June 2008: Milky Way Galaxy on collision course
The June 2008 issue of Astronomy describes the merger of the Milky Way with the Andromeda Galaxy, tells how we've trashed outer space, examines the infant universe, goes deep inside the Veil Nebula, and much more.
April 25, 2008
WAUKESHA, WI -- Five billion years from now, the Milky Way Galaxy will collide with its neighbor, the Andromeda Galaxy. The combined galaxies -- "Milkomeda" -- will radically transform the arrangement of stars in Earth's night sky.
The June 2008 issue of Astronomy describes the merger of the Milky Way with the Andromeda Galaxy, tells how we’ve trashed outer space, examines the infant universe, goes deep inside the Veil Nebula, and much more.
In "Our galaxy's date with destruction," authors Abraham Loeb and T.J. Cox use computer simulations to tell the scientists about the coming merger and how it will change our perspective of the universe.
Abraham Loeb is a professor of astronomy at Harvard University, a visiting professor at the Weizmann Institute of Science, and the director of the Institute for Theory and Computation at the Harvard-Smithsonian Center for Astrophysics.
T.J. Cox is a postdoctoral fellow at the Institute for Theory and Computation at the Harvard-Smithsonian Center for Astrophysics.
The June 2008 Astronomy will be available on newsstands May 6.
"How we junked up outer space"
Derelict spacecraft, stray nuts and bolts, and millions of even tinier fragments litter the space around Earth. "How we junked up outer space," by Astronomy Senior Editor Richard Talcott, discusses how these minute fragments could cause big problems. The amount of junk circling Earth totals thousands of tons. And it poses a significant threat to all functioning satellites, as well as the space shuttle and the International Space Station.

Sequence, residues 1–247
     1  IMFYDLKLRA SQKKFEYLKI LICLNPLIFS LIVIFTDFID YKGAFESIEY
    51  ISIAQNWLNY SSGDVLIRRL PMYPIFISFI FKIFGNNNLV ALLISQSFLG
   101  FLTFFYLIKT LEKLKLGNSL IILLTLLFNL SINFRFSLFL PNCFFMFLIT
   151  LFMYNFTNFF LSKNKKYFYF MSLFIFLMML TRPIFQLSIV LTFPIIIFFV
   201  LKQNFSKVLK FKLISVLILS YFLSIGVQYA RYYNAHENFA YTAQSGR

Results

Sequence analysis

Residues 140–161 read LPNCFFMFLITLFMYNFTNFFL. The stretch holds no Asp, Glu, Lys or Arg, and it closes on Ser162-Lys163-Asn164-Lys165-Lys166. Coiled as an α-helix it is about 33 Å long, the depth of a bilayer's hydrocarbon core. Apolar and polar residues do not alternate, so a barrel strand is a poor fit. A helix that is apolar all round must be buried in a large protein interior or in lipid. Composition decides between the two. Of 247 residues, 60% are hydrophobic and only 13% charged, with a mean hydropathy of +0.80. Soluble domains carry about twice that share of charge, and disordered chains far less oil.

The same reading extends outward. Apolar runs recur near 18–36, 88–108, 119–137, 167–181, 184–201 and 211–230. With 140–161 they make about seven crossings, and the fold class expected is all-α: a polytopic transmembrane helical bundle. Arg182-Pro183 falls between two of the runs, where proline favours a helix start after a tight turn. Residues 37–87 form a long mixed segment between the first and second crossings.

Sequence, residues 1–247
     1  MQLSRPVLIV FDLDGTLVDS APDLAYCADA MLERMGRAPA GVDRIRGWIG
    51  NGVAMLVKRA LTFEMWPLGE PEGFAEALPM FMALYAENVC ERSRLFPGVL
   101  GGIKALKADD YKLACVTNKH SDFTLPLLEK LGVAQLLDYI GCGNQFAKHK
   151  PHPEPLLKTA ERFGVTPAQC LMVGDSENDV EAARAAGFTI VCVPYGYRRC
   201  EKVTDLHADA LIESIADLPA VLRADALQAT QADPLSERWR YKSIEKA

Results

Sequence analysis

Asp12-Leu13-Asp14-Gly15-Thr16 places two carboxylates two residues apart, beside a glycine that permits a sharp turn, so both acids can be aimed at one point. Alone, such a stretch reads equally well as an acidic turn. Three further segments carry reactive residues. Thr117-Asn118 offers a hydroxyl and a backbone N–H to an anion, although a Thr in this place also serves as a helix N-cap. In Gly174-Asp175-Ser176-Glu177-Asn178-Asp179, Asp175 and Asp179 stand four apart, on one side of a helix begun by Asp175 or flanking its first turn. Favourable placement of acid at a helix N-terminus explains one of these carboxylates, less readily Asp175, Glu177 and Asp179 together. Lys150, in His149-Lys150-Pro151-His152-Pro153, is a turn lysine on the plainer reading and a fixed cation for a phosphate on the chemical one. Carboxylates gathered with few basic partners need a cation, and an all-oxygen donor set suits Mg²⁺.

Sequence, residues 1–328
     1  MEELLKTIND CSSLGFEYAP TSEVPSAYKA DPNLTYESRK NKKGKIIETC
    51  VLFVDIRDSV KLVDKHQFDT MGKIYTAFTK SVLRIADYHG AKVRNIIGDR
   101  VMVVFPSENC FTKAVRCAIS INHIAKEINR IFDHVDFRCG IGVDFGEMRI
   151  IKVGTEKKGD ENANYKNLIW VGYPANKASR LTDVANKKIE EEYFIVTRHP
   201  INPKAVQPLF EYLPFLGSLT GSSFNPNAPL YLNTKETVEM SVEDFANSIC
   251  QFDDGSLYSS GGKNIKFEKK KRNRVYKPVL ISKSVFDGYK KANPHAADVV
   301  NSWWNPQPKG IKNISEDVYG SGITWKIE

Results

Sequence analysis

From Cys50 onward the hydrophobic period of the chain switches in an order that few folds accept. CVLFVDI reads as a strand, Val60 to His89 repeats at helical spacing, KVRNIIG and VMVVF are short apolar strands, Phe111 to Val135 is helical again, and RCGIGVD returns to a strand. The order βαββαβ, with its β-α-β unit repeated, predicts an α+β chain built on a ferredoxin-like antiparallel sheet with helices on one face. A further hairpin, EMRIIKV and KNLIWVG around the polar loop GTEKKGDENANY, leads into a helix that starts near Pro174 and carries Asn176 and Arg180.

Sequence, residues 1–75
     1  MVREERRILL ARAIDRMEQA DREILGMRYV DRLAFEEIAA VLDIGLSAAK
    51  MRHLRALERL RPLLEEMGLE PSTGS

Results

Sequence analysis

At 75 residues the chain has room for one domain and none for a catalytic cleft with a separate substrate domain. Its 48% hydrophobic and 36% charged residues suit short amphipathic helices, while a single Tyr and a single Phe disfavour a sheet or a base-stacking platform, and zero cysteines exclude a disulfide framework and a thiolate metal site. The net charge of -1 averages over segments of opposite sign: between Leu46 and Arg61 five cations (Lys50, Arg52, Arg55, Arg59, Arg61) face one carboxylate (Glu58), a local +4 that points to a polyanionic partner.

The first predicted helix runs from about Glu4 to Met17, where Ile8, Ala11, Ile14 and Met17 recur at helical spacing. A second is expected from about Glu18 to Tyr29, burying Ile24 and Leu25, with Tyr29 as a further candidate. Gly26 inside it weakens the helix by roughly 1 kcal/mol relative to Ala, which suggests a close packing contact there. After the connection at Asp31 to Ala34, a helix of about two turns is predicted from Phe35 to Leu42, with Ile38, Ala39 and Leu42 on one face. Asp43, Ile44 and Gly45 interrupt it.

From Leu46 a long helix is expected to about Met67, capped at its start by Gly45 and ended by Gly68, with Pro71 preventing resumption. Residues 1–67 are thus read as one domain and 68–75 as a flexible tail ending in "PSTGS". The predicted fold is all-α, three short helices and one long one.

The odds of someone on Earth being injured by a falling piece of debris? About 1 in a trillion. That's roughly a million times less than the risk of being struck by lightning in the United States.
"Do cosmic flashes reveal secrets of the infant universe?"
Gamma-ray bursts are the brightest flashes in our sky since the Big Bang. Researchers use these luminous explosions to examine the early universe. "Do cosmic flashes reveal secrets of the infant universe?," by Steve Nadis, describes how astronomers are studying the stars and galaxies these bursts inhabit to learn about the beginning of the universe.
"All about the Veil Nebula"
Located next to the constellation Cygnus the Swan, the Veil Nebula is one of the most challenging and fascinating targets for observers. "All about the Veil Nebula," by Raymond Shubinski, goes deep inside this celestial object and details how to find it with your scope.
Raymond Shubinski, an Astronomy contributing editor, is director of the Atomic Testing Museum in Las Vegas, an astronomy historian, and a dedicated deep-sky observer.
June night sky events visible without optical aid
- June 7 -- The waxing crescent Moon joins Mars, Saturn, and the bright star Regulus at 10p local time.
- June 26-27 -- Potential outburst of Boötid meteor shower
Also in the June 2008 Astronomy
- "Another Earth" -- Astronomy columnist Bob Berman wonders what it would be like to find a planet like our own.
- "Master the art of wide-field imaging" -- Imelda B. Joson teaches you how to become an astrophotography expert.
- "Will you see the stars tonight?" -- Learn how to create your own astronomy weather forecast.
- "The sky this month" -- Exclusive pullout star charts will guide you through June's night sky.
- The June issue of Astronomy also includes Astro News, Glenn Chaple's Observing Basics, Phil Harrington's Binocular Universe, Stephen James O'Meara's Secret Sky, New Products, and Reader Gallery.
Astronomy promotes the science and hobby of astronomy through high-quality publications that engage, inform, entertain, and inspire.